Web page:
A stupendous amount of heat is shifted by ocean-surface currents, so they have a major influence over regional climates. But they are just part of ocean circulation systems, the other being the movement of water in the deep ocean basins. One driver of this world-encompassing system is water density; a function of its temperature and salinity. Cold saline water forming at the surface tends to sink, the volume that does being replaced by surface flow towards the site of sinking: effectively, cold downwellings ‘drag’ major surface currents along. This is especially striking in the North Atlantic where sinking cold brines are focused in narrow zones between Canada and Greenland and between Greenland and Iceland. From there the cold water flows southwards towards the South Atlantic at depths between 1 and 5 km. The northward compensating surface flow, largely from tropical seas of the Caribbean, is the Gulf Stream/North Atlantic Current whose warming influence on climate of western and north-western Europe extends into the Arctic Ocean.
Since the discovery of this top-to-bottom ‘conveyor system’ of ocean circulation oceanographers and climatologists have suspected that sudden climate shifts around the North Atlantic, such as the millennial Dansgaard-Oeschger events recorded in the Greenland ice cores, may have been forced by circulation changes. The return to almost full glacial conditions during the Younger Dryas, while global climate was warming towards the interglacial conditions of the Holocene and present day, has been attributed to huge volumes of meltwater from the North American ice sheet entering the North Atlantic. By reducing surface salinity and density the deluge slowed or shut down the ‘conveyor’ for over a thousand years, thereby drastically cooling regional climate. Such drastic and potentially devastating events for humans in the region seem not to have occurred during the 11.5 thousand years since the end of the Younger Dryas. Yet their suspected cause, increased freshwater influx into the North Atlantic, continues with melting of the Greenland ice cap and reduction of the permanent sea-ice cover of the Arctic Ocean, particularly accelerated by global warming.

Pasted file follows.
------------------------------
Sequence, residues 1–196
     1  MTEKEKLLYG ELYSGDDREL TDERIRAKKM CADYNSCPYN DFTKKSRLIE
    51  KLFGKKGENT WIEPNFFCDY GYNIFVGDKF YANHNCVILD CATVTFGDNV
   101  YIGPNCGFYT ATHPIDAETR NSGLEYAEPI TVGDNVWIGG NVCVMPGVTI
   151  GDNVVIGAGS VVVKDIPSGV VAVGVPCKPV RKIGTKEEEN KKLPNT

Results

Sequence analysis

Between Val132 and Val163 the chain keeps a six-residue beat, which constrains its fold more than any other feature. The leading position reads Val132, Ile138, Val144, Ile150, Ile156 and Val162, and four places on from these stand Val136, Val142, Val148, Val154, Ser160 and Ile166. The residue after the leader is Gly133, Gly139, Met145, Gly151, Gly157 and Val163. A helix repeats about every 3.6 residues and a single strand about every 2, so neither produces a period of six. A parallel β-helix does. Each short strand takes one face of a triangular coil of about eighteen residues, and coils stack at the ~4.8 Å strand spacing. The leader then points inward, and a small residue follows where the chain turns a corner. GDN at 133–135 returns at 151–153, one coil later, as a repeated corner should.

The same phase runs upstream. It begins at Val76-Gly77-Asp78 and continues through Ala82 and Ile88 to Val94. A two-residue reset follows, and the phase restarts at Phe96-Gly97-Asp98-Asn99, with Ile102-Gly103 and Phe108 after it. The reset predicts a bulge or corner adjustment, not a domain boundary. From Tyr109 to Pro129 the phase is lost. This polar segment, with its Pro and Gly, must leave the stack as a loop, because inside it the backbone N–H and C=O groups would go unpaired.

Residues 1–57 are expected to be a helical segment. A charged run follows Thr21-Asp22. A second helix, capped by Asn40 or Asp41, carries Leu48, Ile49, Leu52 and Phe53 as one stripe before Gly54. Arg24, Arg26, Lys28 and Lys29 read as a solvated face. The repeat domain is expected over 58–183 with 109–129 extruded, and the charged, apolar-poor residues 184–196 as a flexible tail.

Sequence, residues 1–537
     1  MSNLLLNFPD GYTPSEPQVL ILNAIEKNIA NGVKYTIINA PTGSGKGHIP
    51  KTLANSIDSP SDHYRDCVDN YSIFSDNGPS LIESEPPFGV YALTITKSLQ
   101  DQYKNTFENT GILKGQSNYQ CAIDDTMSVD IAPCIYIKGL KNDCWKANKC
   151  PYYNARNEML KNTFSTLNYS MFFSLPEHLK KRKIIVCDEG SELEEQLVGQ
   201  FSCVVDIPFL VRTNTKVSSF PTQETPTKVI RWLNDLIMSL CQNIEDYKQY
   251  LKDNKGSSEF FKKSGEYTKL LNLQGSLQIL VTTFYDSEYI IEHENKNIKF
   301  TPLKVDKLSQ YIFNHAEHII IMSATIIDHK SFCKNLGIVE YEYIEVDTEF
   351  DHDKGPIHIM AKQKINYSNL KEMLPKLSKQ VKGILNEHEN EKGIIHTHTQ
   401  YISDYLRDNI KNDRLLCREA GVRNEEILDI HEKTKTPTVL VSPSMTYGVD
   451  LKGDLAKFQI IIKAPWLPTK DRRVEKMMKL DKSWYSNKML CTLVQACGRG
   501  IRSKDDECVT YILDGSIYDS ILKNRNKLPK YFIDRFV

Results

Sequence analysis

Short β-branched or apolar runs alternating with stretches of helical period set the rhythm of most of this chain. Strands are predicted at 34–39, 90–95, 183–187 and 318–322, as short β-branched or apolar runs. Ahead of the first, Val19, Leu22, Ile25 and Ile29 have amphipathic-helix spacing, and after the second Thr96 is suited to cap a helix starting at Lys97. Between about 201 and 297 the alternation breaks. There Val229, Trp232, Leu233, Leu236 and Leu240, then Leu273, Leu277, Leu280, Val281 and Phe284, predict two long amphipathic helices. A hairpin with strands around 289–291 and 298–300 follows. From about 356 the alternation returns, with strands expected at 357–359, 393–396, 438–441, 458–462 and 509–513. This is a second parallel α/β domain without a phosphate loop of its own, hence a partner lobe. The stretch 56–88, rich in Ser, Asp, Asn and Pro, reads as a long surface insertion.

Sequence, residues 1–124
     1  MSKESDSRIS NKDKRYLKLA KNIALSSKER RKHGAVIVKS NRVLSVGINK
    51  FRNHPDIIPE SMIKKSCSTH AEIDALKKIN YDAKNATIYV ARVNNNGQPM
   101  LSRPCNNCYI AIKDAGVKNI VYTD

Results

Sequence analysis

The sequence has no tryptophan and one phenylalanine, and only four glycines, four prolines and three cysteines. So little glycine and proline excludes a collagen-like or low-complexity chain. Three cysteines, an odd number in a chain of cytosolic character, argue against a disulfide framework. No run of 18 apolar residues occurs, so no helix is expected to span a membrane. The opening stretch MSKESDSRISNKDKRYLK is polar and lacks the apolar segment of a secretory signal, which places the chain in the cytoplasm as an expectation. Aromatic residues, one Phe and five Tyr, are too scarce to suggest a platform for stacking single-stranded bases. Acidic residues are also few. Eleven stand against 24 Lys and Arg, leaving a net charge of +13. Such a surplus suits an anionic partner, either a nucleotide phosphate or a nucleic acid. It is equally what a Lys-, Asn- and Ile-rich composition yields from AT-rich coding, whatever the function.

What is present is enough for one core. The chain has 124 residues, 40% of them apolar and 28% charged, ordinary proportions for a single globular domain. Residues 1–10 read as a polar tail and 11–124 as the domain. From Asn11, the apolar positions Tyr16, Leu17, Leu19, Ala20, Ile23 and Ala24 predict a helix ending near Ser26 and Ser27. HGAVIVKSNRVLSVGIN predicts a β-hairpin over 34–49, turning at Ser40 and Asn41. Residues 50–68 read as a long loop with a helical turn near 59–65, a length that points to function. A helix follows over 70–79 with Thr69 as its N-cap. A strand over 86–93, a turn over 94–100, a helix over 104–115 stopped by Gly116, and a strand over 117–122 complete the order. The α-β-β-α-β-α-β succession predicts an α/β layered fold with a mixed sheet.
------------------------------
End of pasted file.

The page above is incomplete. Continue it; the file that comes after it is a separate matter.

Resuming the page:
The Holocene interglacial has not yet come to completion, so checking what could happen in the North Atlantic region depends on studying previous interglacials, especially the previous one – the Eemian – from 130 to 114 ka. Unfortunately the high-resolution climate records from Greenland ice cores do not extend that far back. On top of that, more lengthy sea-floor sediment cores rarely have the time resolution to show detailed records, unless, that is, sediment accumulated quickly on the deep sea bed. One place that seems to have happened is just south of Greenland. Cores from there have been re-examined with an eye to charting the change in deep water temperature from unusually thick sediment sequences spanning the Eemian interglacial (Galaasen, E.V. and 7 others 2014. Rapid reductions in North Atlantic Deep Water during the peak of the last interglacial period. Science, v. 343, 1129-1132).
The approach taken by the consortium of scientiosts from Norway, the US, France and Britain was to analyse the carbon-isotope composition of the shells of foraminifers that lived in the very cold water of the ocean floor during the Eemian. The ratio of 13C to 12C, expressed as δ13C, fluctuates according to the isotopic composition of the water in which the forams lived. What show up in the 130-114 ka period are several major but short-lived falls in δ13C from the general level of what would then have been North Atlantic Deep Water (NADW). It seems that five times during the Eemian the flow of NADW slowed and perhaps stopped for periods of the order of a few hundred years. If so, then the warming influence of the Gulf Stream and North Atlantic Current would inevitably have waned through the same intervals. Confirmation of that comes from records of surface dwelling forams. This revelation should come as a warning: if purely natural shifts in currents and climate were able to perturb what had been assumed previously to be stable conditions during the last interglacial, what might anthropogenic warming do in the next century?